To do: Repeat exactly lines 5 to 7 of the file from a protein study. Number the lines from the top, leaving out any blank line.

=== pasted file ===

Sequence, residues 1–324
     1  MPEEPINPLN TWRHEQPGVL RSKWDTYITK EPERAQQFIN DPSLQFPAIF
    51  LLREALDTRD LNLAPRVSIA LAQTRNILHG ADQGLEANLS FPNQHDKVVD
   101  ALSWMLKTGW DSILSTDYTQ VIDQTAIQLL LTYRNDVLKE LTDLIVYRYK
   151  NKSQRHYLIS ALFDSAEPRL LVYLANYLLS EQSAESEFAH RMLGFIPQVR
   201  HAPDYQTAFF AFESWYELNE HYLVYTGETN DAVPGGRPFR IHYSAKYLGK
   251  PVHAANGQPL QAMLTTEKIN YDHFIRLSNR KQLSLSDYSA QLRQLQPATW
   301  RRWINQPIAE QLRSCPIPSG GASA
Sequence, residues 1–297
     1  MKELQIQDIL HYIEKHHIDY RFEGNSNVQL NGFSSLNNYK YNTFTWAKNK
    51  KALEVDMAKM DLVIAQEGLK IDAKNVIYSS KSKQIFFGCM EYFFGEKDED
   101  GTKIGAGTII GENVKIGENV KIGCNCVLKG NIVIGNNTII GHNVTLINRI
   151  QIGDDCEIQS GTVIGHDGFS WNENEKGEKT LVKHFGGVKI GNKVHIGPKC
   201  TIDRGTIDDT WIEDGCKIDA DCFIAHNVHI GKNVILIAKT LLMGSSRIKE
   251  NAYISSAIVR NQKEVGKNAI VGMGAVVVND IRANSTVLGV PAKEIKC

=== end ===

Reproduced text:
   151  NKSQRHYLIS ALFDSAEPRL LVYLANYLLS EQSAESEFAH RMLGFIPQVR
   201  HAPDYQTAFF AFESWYELNE HYLVYTGETN DAVPGGRPFR IHYSAKYLGK
   251  PVHAANGQPL QAMLTTEKIN YDHFIRLSNR KQLSLSDYSA QLRQLQPATW